We respond to consultations on the key issues that impact on young people with cancer across health, education and public health. You can find some of our most recent responses here.


  • The Department of Health consulted on their mandate to NHS England - the document that sets out what the government wants the health service to achieve each year. We signed up to a joint response with 10 other youth health charities including the National Children's Bureau and Association for Young People's Health. Our response argued that the NHS should consider young people when delivering all their objectives, and that there should be some specific aims to improve services for young people in relation to prevention, transition and joined up care. 

  • The Department for Education consulted on new guidance for schools to help them support pupils with medical conditions, including cancer. We responded to highlight the importance of providing holistic support for young people with cancer, and the need to assess support requirements on an individual basis.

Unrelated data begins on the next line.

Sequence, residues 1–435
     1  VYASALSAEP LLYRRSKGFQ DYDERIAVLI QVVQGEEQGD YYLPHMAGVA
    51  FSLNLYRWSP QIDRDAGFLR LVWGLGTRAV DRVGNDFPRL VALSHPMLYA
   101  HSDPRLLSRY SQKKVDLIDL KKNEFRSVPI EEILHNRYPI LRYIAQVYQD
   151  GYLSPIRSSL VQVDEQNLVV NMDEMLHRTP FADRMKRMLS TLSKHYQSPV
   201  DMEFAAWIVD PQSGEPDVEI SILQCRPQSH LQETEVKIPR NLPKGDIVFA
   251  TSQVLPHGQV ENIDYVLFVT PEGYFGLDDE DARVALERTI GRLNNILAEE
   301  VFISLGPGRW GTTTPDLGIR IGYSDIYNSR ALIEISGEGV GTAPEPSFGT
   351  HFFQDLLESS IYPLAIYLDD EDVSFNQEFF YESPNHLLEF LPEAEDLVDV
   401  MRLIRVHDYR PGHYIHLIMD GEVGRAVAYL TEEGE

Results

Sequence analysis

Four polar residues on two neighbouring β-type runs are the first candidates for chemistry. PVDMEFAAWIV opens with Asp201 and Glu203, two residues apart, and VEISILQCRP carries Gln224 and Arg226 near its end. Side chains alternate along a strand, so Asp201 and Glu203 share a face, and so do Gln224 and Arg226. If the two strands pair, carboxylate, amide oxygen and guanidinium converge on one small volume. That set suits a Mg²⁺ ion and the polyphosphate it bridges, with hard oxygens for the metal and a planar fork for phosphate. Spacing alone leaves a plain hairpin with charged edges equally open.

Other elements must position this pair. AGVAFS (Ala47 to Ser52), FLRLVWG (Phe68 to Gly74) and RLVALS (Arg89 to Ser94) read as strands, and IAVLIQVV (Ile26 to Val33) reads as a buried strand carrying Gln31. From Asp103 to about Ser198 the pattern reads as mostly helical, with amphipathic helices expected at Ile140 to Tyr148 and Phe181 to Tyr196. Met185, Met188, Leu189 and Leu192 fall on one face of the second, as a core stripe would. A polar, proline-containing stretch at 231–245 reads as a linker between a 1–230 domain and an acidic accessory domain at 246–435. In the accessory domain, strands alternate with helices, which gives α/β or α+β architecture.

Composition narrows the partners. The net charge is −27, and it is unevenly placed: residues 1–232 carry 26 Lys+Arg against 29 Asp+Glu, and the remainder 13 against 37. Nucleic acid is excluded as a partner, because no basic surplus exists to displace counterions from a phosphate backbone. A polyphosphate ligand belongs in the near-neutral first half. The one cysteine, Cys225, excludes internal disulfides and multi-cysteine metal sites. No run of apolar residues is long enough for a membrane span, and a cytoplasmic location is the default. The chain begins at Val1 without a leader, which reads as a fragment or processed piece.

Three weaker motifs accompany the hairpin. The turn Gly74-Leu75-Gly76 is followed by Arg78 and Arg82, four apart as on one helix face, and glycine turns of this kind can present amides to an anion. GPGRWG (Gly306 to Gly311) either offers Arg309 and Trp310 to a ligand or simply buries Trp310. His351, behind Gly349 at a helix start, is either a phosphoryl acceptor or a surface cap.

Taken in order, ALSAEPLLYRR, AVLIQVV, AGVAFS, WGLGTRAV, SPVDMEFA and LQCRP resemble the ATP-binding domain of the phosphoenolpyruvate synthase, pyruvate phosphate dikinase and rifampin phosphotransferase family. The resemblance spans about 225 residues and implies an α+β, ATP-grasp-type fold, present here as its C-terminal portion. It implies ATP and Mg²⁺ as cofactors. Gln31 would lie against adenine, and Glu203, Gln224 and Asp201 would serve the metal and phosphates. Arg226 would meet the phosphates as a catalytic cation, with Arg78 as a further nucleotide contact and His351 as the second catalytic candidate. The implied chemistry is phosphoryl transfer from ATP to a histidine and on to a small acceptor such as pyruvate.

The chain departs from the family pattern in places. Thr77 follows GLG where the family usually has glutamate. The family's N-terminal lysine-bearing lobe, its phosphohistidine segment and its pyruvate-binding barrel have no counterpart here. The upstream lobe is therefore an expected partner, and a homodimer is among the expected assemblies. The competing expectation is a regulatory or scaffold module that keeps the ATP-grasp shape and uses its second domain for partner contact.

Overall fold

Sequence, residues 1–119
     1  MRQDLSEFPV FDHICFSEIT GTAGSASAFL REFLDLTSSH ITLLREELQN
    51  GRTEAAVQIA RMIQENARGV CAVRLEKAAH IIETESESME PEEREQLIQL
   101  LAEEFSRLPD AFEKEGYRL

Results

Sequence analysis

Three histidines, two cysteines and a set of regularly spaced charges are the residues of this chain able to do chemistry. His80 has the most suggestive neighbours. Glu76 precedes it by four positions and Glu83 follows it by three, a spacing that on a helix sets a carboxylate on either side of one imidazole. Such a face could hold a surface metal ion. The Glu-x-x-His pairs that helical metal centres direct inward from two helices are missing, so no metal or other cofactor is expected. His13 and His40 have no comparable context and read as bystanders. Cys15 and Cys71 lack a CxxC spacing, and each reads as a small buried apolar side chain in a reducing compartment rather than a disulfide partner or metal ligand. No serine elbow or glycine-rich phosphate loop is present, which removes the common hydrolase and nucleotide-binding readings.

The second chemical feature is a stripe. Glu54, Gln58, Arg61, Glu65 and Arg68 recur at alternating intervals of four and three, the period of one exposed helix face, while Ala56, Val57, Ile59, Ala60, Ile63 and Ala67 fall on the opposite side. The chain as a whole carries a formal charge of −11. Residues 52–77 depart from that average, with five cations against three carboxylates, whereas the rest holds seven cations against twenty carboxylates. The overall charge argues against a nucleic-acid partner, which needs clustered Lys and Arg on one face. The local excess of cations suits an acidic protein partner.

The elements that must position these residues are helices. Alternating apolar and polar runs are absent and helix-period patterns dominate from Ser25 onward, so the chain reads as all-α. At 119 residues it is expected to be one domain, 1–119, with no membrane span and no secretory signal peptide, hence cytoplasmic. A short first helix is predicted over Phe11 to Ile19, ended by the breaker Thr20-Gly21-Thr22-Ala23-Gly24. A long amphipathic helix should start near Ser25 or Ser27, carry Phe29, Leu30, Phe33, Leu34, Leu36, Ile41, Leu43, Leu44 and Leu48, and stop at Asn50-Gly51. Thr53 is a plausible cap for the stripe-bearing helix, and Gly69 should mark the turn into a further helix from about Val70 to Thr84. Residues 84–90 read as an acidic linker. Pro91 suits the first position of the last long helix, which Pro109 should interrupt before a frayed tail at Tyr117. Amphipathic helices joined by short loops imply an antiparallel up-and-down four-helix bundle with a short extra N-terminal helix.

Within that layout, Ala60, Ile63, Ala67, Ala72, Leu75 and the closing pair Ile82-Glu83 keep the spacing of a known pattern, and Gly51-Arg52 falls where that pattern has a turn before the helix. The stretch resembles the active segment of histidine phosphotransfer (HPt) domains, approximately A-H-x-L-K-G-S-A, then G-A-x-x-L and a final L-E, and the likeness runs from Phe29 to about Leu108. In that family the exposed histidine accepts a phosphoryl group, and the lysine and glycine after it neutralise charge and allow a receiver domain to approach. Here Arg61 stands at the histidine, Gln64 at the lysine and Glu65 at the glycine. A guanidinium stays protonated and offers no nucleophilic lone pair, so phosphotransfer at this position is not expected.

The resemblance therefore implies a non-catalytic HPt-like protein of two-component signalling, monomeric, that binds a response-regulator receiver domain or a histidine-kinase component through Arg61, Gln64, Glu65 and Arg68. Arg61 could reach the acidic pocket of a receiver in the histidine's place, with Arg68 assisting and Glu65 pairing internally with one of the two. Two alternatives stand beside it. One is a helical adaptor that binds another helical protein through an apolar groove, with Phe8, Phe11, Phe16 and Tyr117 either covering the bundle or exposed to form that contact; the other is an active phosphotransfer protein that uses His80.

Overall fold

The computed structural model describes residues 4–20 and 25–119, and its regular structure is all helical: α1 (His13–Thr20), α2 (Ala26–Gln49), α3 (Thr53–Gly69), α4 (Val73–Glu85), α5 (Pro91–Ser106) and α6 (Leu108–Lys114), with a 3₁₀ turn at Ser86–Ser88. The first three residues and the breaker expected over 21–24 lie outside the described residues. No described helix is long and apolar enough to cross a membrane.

• A new Cancer Strategy was consulted on by the Independent Cancer Taskforce for publication in summer 2015. We responded that there should be three priorities: to protect teenage and young adult care as a specialism; to improve particular areas along the care pathway (e.g. prevention and early diagnosis); for the NHS and the voluntary sector to work in partnership.

  • The NHS Outcomes Framework details the outcomes and indicators that are used to ensure NHS England are making improvements to people's health. We responded to a consultation on the Framework refresh to say that there were two areas that are essential to improving care for teenagers and young adults with cancer: 'specialised age appropriate care for children and young people' and a 'continued focus on patient involvement.'

  • An Inquiry was undertaken by the Health Select Committee of the House of Commons into how the NHS is meeting the challenge of making 4% efficiency savings every year. We responded to the consultation by emphasising that we work in collaboration with the NHS to deliver outcomes which are important to young people and aligned with NHS Outcomes and the Mandate and that successful collaboration between the NHS and the voluntary sector must be maintained.